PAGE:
I travel…A LOT. Between driving three states away to visit my wife in middle-of-nowhere Iowa to hitting various conferences, my car and I spend a lot of time together. This also means I get to use my iPhone as a tool to help me in my photographic endeavors. Let’s look at five tools I fiercely rely on.
You may never open this app, but I argue that this is one powerful tool when you are visiting a new area. When I am out scouting new locations for a possible shoot, I want to know where the sun comes up and where it goes down. Knowing this not only allows me to plan my compositions in the middle of the day, but it allows me not to worry about hitting those magical lighting hours versus chasing the sun.
Yup, these are fitness apps, but they are indispensible when it comes to the scouting mission. Just fire up the GPS and let them map out your drive while you look at the scenery in hopes of finding something interesting to grace your camera. The nice thing about Endomondo is that you can go online and make notes about each “route” you map out. I’ve used this to make notes of windmills, interesting barns, or wonderful vistas that would work well in automotive shots. You can even use them for their intended purpose and kill two birds with one stone.
I do not always have the ability to lug my laptop around while I am out shooting. This means that if I am working in a time crunch and need to get a proof out in a hurry, I need a way to edit and send the photo out quickly and efficiently. Snapseed gives me the ability to edit a photo while in my car, or coffee shop, and get it out to the client. Add in the iPad with the camera connection kit and you have a mobile editing studio that fits in most camera bags.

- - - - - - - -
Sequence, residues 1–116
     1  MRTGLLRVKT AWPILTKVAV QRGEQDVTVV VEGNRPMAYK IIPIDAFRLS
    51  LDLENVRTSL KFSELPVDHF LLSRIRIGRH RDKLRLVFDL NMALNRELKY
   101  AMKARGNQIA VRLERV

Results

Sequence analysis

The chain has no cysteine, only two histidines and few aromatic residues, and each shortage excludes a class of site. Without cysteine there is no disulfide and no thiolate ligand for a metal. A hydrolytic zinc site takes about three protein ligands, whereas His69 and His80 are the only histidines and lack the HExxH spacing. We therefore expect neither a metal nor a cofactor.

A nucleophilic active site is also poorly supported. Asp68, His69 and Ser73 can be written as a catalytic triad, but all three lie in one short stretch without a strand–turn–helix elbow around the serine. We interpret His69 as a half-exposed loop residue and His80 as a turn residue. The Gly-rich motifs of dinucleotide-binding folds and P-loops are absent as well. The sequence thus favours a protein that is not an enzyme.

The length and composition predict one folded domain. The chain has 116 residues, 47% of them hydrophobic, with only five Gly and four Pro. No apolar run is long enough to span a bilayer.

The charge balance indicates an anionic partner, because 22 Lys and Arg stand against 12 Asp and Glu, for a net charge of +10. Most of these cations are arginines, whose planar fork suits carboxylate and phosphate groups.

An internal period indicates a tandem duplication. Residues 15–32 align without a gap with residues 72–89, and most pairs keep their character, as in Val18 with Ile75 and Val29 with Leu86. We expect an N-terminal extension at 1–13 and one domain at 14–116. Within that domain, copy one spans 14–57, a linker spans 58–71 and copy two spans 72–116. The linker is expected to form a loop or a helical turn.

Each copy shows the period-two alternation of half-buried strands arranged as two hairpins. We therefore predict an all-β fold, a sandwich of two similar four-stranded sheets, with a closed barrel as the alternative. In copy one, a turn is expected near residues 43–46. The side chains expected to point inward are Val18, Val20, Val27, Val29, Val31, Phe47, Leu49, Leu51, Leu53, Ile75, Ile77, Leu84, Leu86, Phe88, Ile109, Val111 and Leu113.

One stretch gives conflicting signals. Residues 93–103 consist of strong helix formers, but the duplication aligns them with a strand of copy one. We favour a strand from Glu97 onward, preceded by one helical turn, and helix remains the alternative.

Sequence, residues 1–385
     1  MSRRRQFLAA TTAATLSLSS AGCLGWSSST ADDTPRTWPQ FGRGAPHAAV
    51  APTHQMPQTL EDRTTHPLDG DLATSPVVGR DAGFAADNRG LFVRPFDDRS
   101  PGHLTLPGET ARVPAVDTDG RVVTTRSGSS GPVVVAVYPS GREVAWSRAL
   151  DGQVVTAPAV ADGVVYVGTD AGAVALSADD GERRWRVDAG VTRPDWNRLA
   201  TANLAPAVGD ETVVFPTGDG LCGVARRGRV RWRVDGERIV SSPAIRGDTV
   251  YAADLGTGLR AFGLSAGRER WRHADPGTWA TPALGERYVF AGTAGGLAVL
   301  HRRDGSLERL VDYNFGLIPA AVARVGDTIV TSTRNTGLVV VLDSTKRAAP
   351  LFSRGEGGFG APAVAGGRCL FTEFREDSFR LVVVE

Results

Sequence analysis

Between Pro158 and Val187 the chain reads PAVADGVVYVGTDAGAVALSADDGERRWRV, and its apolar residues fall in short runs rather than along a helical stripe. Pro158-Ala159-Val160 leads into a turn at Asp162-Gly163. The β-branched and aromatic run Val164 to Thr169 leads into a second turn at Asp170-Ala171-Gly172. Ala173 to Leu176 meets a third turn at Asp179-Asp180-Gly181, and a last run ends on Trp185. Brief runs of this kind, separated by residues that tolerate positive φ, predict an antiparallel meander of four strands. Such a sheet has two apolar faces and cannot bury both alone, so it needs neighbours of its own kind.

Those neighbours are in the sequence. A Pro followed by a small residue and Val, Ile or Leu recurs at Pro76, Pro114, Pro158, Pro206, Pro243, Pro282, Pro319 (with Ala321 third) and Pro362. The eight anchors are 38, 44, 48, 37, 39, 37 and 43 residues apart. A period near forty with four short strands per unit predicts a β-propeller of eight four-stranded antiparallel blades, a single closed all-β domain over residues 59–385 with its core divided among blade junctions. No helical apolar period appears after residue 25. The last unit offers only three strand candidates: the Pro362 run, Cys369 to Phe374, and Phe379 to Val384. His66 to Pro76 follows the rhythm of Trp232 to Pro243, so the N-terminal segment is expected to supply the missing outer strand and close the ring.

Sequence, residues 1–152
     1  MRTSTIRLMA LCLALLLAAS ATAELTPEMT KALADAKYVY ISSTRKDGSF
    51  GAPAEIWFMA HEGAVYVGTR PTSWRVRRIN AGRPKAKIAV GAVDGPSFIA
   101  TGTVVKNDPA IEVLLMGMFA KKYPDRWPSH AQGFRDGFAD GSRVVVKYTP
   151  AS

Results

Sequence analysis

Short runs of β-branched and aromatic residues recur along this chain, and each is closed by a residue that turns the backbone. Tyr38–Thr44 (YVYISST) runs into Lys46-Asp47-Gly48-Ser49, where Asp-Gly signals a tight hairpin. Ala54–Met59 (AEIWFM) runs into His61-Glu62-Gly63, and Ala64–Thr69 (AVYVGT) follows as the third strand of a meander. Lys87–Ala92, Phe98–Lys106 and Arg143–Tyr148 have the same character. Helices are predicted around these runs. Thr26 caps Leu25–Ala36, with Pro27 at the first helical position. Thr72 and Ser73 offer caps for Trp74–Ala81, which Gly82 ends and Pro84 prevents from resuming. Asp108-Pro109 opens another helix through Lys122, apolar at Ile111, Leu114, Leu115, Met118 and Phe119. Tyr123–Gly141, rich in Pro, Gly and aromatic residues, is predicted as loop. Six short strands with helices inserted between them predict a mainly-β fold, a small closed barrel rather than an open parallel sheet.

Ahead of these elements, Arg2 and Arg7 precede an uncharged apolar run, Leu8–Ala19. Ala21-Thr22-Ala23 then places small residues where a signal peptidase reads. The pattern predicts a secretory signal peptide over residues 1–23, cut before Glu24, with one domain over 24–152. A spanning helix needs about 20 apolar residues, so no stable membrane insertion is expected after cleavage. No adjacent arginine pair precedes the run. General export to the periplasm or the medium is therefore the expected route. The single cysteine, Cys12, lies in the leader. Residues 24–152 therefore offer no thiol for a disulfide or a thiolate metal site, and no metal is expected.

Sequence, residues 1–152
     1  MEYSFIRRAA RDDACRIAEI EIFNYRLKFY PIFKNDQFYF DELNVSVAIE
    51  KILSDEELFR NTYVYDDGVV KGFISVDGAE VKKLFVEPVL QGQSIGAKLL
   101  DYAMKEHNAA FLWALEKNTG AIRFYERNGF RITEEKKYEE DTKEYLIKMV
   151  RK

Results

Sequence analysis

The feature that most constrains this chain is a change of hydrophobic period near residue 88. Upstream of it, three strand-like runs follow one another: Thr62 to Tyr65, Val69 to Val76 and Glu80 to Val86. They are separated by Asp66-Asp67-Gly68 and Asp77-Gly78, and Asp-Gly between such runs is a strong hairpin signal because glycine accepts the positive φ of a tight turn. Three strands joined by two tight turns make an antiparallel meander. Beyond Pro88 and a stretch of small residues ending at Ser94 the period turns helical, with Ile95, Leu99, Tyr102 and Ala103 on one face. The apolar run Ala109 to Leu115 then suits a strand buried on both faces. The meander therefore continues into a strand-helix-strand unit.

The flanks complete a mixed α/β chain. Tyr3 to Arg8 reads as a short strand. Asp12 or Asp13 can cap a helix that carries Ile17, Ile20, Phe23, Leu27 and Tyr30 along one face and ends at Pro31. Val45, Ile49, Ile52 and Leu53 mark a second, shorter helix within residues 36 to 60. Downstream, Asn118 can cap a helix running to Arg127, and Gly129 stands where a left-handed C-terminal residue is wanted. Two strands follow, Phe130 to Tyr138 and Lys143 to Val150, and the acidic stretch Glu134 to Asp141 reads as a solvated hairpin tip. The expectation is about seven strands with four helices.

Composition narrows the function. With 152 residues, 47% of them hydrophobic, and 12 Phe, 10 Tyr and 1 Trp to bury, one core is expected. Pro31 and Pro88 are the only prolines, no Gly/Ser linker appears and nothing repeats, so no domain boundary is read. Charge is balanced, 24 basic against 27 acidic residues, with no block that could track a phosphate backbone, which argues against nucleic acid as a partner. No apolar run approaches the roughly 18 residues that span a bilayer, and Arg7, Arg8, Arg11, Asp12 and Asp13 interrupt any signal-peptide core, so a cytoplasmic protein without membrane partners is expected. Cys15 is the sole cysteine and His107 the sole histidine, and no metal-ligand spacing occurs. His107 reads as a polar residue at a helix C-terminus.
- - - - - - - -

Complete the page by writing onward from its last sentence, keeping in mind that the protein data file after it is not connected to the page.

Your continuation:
Sometimes you need a convenient way to get a release from a patron at a restaurant from which you just took a shot. Model releases are a big deal for anyone who wants to license images with people in them. Easy Release allows users to snag signatures without having to carry around release forms and pens. I use this at conventions and while out doing street photography. I have one release setup for models and another setup for buildings. Once obtaining a signed release, you can email a copy of the complete signed release to everyone involved. I also recommend getting a good stylus as well, as it makes people feel more comfortable.
Sometimes I grab my camera and run. This works well when I am taking test comps, but not so great when I could have used an ND filter to balance out the sky with the ground. Pro HDR allows me to replicate these filters by exposing for the highs and the lows. This is a two shot process and the app merges the two photos together for a nicely exposed frame. There are also tools for some basic photo editing, but I would use Snapseed for anything major.
Travel is a part of life but that doesn’t mean we should let it slow us down in our pursuit for “the shot.” Just as filters, L-Brackets, and tripods help make photography easier, the iPhone is an essential tool to any photographer, and it fits right in your pant’s pocket.